On the surface, the SpeedyCash.com 400 NASCAR Gander Outdoors Truck Series race held on Friday night at the Texas Motor Speedway might seem like a somewhat historic event in the history of NASCAR because of the fact that driver Greg Biffle came out of retirement to score his first win in any of NASCAR’s top three divisions since 2013 and his first NGOTS victory since 2001. However, this race could actually go down in the history books for another reason as there may very well have been a new precedent set by the sanctioning body regarding the officiating of stage breaks.
As the truck race in Texas neared the conclusion of stage 1, which was to occur at lap 40, a caution flag waved for an incident involving Angela Ruch on lap 35. The cleanup for that wreck looked as if it might take longer than five laps which would cause the stage to end under yellow flag conditions. However, NASCAR officials chose to display the red flag, thus halting the race briefly, to allow for the track to be cleared. Ultimately this move brought about a mad dash to the green and white checkered flag used to symbolize the end of a stage.
The significance of this is that this appears to be the first time NASCAR has chosen to red flag a race solely for the purpose of ending a stage under green. There have been instances of red flags prior to the end of stages but those cases involved more extensive cleanups than this particular incident required. To show that this was not done to complete and extensive cleanup, the red flag period only lasted for just over one minute.
NASCAR reporter Jeff Gluck of TheAthletic.com made mention of this possibly precedent-setting moment on Twitter.
“Whoa, they red-flagged the race to try and get a green-flag finish to the stage? That may be the first time they’ve done that in any series since stages came around. Someone with a better memory correct me if I’m wrong.” – @Jeff_Gluck of The Athletic
Similarly, the 1998 Pontiac Excitement 400 held at the Richmond Raceway might well be most remembered for an incident that took place during the long-running feud between drivers Jeff Gordon and Rusty Wallace in which their two cars came together resulting in Gordon spinning and slamming into the turn two wall. But in reality, that race was historic for a more far reaching reason.
As that race neared its conclusion it was obvious that an intense four-way battle between Dale Jarrett, Ken Schrader, Terry Labonte and Rusty Wallace could potentially go right to the checkered flag. Even NASCAR officials seemed cognizant of the likelihood of a memorable finish and appeared not to want to interfere with the excitement. This became evident when Ward Burton spun on the backstretch with 10 laps remaining but the yellow flag was not displayed.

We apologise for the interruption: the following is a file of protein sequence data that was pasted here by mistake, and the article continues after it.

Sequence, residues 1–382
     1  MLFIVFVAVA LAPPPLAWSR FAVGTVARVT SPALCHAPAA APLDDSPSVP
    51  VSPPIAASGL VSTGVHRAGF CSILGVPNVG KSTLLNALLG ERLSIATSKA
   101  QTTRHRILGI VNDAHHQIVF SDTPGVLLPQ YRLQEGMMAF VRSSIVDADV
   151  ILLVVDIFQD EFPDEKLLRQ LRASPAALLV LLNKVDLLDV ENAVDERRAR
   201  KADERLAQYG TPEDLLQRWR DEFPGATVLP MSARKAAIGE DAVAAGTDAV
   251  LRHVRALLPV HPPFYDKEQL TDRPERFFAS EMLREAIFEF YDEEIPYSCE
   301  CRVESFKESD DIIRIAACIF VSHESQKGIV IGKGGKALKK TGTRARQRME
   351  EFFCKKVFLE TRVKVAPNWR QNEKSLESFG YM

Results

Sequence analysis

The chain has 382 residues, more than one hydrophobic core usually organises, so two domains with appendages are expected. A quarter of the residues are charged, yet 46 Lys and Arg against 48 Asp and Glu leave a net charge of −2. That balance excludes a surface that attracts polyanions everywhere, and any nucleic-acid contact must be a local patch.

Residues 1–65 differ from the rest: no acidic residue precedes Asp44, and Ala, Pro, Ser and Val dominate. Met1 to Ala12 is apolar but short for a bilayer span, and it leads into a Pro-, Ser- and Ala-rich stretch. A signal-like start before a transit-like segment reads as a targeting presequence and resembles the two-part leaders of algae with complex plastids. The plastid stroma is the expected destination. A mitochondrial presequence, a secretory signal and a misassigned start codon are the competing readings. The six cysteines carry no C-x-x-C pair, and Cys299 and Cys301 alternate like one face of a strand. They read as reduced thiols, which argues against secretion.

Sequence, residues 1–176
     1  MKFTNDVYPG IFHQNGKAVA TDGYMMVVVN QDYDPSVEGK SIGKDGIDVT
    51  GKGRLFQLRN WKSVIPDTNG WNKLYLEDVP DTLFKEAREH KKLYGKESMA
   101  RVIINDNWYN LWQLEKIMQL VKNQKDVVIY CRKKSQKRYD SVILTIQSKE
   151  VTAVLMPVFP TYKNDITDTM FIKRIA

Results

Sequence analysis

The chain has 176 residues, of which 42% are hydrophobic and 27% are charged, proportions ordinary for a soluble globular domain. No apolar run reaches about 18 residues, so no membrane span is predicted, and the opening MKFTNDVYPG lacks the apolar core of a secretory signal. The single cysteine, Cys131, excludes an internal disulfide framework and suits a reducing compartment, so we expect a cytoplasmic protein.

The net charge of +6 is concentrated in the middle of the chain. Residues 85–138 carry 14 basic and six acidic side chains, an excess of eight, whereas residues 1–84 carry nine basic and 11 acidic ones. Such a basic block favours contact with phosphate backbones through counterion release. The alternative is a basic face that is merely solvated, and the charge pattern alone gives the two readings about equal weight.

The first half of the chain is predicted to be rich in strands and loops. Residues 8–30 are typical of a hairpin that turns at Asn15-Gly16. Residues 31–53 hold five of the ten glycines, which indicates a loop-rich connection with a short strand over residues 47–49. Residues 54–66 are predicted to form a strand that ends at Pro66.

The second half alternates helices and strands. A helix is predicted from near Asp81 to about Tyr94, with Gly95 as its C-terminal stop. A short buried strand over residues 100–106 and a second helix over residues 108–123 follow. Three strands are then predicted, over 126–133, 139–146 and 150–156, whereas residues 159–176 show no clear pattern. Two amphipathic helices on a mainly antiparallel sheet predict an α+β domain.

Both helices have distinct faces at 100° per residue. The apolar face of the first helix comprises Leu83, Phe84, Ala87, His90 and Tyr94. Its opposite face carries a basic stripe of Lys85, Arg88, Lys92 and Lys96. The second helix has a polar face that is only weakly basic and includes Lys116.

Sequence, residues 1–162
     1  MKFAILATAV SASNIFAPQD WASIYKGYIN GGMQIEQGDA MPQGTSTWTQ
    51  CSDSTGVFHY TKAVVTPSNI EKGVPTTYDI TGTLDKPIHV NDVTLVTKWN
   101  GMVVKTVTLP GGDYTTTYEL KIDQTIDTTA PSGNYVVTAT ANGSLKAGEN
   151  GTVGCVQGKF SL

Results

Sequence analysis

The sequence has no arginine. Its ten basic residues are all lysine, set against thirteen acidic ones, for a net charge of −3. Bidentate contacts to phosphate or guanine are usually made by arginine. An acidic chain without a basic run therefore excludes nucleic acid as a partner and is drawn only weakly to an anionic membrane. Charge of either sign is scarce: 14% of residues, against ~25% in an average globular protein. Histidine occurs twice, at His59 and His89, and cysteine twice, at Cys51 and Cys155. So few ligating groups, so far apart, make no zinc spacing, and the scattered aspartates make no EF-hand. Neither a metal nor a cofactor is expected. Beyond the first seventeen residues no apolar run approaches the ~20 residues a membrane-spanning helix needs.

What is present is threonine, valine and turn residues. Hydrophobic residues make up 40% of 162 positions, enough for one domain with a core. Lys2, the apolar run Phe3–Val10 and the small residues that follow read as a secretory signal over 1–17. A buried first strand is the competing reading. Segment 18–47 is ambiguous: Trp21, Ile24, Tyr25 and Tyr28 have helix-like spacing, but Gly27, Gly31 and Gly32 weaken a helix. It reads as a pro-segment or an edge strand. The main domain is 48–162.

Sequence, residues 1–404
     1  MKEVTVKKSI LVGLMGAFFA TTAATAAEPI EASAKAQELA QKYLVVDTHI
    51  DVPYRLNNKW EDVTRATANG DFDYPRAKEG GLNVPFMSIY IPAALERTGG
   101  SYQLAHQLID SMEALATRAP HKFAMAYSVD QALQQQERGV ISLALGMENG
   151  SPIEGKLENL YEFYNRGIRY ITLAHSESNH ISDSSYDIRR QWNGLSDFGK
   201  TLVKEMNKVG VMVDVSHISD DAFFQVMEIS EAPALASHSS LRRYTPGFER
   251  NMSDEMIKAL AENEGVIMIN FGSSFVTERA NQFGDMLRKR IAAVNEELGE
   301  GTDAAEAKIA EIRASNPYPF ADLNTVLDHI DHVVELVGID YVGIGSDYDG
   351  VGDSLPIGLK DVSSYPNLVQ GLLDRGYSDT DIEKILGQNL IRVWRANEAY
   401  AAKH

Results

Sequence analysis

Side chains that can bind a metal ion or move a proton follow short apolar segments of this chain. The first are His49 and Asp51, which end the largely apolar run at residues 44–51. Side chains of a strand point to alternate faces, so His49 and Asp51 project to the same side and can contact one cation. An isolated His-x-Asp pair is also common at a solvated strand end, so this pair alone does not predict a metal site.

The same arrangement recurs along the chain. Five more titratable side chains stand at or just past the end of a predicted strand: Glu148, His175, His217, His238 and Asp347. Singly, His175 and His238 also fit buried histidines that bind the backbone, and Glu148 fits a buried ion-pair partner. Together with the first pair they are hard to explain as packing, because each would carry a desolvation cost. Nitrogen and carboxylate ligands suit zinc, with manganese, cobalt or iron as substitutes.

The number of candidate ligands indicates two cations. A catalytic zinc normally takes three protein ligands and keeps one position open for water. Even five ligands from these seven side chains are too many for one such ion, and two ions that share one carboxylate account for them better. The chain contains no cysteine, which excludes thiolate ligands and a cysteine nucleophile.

However, the car being driven by Kevin Lepage began dropping fluid on the track and officials were forced to call for a caution with just seven laps remaining. At that time, the pace car hurriedly got in front of Jarrett’s leading machine and slowed the field. Just before reaching the start/finish line for what would have been the signal for six laps to go, the pace car stopped and the field was shown the red flag so that clean up crews could clear the fluid from the track allowing for a race to the finish.
The race was being broadcast on ESPN and commentator Benny Parsons stated, “This is unprecedented. I don’t remember them ever doing this before.”
Ultimately, drivers were shown the green flag with four laps to go. Labonte, who was on fresher tires than the two front runners, passed by both Schrader and Jarrett to take the lead as the cars came to the white flag. The No. 5 Hendrick Motorsports Chevrolet won the race while Jarrett and his crew fumed at being the subject of the first instance of a race being red flagged for the purpose of staging a green flag finish.
Jarrett’s crew chief, Todd Parrott, commented after the race that, “They’ve got a tougher job up in that tower than what I’ve got. Making that decision wasn’t easy and, my guess, in the long run it was the right decision because it was a heck of a show and that’s what these people pay for.”
Parrott admitted that he was fighting back tears of frustration following the television interview.
Eventually all three of NASCAR’s top divisions would incorporate a standardized Green/White/Checkered rule that allows for “overtime” in events that have late race cautions. While the NGOTS had used a version of the G/W/C since 1995, the rule was broadened to include what is now the Monster Energy NASCAR Cup Series and the NASCAR Infinity Series in 2004 and has been tweaked multiple times since.
So, did we witness an entirely new precedent on Friday night in the SpeedyCash.com 400 at the Texas Motor Speedway?
Since points are awarded for stage placements, NASCAR may deem it necessary to halt future races just before stage breaks for the purpose of allowing drivers to race to the end of stages just as they opted to do for finishes back in 1998 during the Pontiac Excitement 400. And eventually, might we see G/W/C endings of stages just as we see at the end of the final run to the finish?
Richard Allen is a member of the National Motorsports Press Association
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